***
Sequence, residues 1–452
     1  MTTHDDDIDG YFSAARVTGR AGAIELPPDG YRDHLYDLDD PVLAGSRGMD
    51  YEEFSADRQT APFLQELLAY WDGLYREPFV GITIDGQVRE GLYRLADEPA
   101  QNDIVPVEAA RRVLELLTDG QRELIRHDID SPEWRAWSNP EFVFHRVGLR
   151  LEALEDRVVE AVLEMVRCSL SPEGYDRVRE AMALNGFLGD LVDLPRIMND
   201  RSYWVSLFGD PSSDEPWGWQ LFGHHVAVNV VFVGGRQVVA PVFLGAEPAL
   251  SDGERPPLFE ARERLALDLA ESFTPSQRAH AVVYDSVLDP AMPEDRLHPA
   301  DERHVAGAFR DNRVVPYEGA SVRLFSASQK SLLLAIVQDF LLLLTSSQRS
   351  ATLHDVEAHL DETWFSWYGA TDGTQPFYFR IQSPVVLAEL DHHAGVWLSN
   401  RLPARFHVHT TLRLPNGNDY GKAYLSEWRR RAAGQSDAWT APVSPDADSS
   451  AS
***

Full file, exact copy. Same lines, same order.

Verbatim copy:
Sequence, residues 1–452
     1  MTTHDDDIDG YFSAARVTGR AGAIELPPDG YRDHLYDLDD PVLAGSRGMD
    51  YEEFSADRQT APFLQELLAY WDGLYREPFV GITIDGQVRE GLYRLADEPA
   101  QNDIVPVEAA RRVLELLTDG QRELIRHDID SPEWRAWSNP EFVFHRVGLR
   151  LEALEDRVVE AVLEMVRCSL SPEGYDRVRE AMALNGFLGD LVDLPRIMND
   201  RSYWVSLFGD PSSDEPWGWQ LFGHHVAVNV VFVGGRQVVA PVFLGAEPAL
   251  SDGERPPLFE ARERLALDLA ESFTPSQRAH AVVYDSVLDP AMPEDRLHPA
   301  DERHVAGAFR DNRVVPYEGA SVRLFSASQK SLLLAIVQDF LLLLTSSQRS
   351  ATLHDVEAHL DETWFSWYGA TDGTQPFYFR IQSPVVLAEL DHHAGVWLSN
   401  RLPARFHVHT TLRLPNGNDY GKAYLSEWRR RAAGQSDAWT APVSPDADSS
   451  AS